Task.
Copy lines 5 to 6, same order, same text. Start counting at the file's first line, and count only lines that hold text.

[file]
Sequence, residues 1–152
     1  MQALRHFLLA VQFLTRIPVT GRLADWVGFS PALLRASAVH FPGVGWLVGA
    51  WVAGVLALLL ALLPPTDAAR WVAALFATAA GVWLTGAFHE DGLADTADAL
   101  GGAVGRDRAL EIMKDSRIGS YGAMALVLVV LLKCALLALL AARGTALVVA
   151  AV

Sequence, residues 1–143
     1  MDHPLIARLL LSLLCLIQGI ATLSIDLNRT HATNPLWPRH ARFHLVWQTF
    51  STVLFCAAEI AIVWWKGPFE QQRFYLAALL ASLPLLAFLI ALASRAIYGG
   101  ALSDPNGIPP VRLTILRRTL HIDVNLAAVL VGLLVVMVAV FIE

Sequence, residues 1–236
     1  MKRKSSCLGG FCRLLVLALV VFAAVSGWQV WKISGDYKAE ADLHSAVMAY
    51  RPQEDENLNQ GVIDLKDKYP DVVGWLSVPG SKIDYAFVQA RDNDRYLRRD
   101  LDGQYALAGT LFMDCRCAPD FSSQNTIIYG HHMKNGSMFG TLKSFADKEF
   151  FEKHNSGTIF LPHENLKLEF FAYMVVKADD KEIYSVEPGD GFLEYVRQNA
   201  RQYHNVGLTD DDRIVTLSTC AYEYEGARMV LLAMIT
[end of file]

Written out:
   151  AV

Sequence, residues 1–143